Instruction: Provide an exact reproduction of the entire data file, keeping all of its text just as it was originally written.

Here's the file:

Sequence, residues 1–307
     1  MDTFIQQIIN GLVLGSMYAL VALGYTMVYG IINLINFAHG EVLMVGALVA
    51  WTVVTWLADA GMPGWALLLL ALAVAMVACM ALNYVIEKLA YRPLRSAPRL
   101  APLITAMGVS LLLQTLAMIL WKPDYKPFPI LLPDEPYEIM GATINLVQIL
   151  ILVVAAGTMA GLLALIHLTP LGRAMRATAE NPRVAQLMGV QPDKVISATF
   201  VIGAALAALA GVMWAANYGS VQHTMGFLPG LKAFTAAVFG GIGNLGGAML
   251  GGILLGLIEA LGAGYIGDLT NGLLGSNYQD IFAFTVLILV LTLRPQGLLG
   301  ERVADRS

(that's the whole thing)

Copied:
Sequence, residues 1–307
     1  MDTFIQQIIN GLVLGSMYAL VALGYTMVYG IINLINFAHG EVLMVGALVA
    51  WTVVTWLADA GMPGWALLLL ALAVAMVACM ALNYVIEKLA YRPLRSAPRL
   101  APLITAMGVS LLLQTLAMIL WKPDYKPFPI LLPDEPYEIM GATINLVQIL
   151  ILVVAAGTMA GLLALIHLTP LGRAMRATAE NPRVAQLMGV QPDKVISATF
   201  VIGAALAALA GVMWAANYGS VQHTMGFLPG LKAFTAAVFG GIGNLGGAML
   251  GGILLGLIEA LGAGYIGDLT NGLLGSNYQD IFAFTVLILV LTLRPQGLLG
   301  ERVADRS